“Make Disciples.” That was what Jesus essentially told his Disciples to do. In Matthew 28, Jesus last command to his followers was “19Therefore go and make disciples of all nations, baptizing them in the name of the Father and of the Son and of the Holy Spirit, 20and teaching them to obey everything I have commanded you…” So there it is. Jesus did not tell his followers to go plant churches. He told them to go “make disciples.”
In many ways we are putting the cart before the horse. There is not one new testament command to plant churches. But Jesus himself gave the command to make disciples. I bring this up because I had heard many years ago that the most effective means of reaching the lost was planting new churches. Indeed, it may be true, but do those new churches actually make disciples or do they make converts? There is a difference and it is a critical difference. We count as converts those who pray a prayer and “accept Jesus into their hearts.” Disciples are ones who actually become followers of Jesus Christ. If we follow Christs Command to make disciples, often new churches will form out of that. The church forms out of the harvest of disciples.
I started one church and have been involved lately in working to start another church. We have had to force ourselves to re-oritent back towards making disiciples because we got so caught up in the whole “church planting” idea. So we’ve scaled back on the “church gathering” side and have put more effort into the discipleship side of the process.
I know there are lots of people who believe that getting someone into “church” the Sunday morning thing with the preacher is key to discipleship. I will argue that has very little to do with discipleship. Jesus did preach, but more importantly he demonstrated the Kingdom of God by living it out among those that he was making disciples. A Sunday morning preacher can’t do. At best the Sunday morning message supplements a vibrant discipleship learning relationship, but cannot replace it.
Teaching as Jesus said here is by his example. He did preach or teach through the word, but he lived it out in front of them. He brought validity to the message he preached by the life he lived. New beleivers need those kinds of connections and relationships. They don’t have to be perfect, as a matter of fact they won’t be perfect. Peter wasn’t perfect, John wasn’t perfect, and much to the disappointment of many, Paul wasn’t perfect. Jesus was and only he was. But if you are a Christ follower you shoud be learning from others more mature in Christ than you and you should be pouring out what you have learned into other disciples less mature in Christ than yourself.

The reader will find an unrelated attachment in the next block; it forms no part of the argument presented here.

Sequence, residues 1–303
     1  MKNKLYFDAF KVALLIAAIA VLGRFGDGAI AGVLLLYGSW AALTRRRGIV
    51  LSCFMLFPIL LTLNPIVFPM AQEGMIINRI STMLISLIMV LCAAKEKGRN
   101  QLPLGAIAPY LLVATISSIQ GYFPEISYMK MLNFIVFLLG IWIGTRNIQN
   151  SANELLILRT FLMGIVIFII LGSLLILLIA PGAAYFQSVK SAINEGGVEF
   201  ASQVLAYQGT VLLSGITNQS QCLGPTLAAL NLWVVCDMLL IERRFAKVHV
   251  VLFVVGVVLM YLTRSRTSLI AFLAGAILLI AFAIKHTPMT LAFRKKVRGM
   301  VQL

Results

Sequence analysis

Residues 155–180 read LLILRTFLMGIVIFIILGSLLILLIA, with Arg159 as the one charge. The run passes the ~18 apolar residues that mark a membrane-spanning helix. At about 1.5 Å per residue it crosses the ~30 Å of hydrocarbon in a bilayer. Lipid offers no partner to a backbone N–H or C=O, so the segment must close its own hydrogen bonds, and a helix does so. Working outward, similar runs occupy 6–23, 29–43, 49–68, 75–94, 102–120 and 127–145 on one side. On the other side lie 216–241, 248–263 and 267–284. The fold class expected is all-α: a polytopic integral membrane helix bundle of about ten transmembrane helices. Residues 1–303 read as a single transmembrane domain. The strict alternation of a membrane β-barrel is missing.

Another point I would make, the ‘church” as in the institution we call the church does a lousy job making disciples and I am convinced that real discipleship costs something. I believe it costs the time and the effort to develop real relationships with people. It’s possible it can happen without those relationships, but not likely. In our western context the message of the church is “we’ll help you be a good christian, just follow the rules we tell you, come to Sunday morning service, listen to the message, and join a small group and everything will be fine.” I’ve seen far too many who follow that path that are still biblically illiterate years on. In addition, they aren’t putting the Word of God in practice in their own lives and even more devestating is that they didn’t learn to hear God themselves.”
We must begin to spend the time and effort to really disciple young believers and not-yet believers so that they can truly have Christ formed in them. I am convinced if we are faithful in this, we will have followers of Christ who will be fruitful and true laborers in the harvest. And if we do our jobs right, new church expressions will flow out of this process.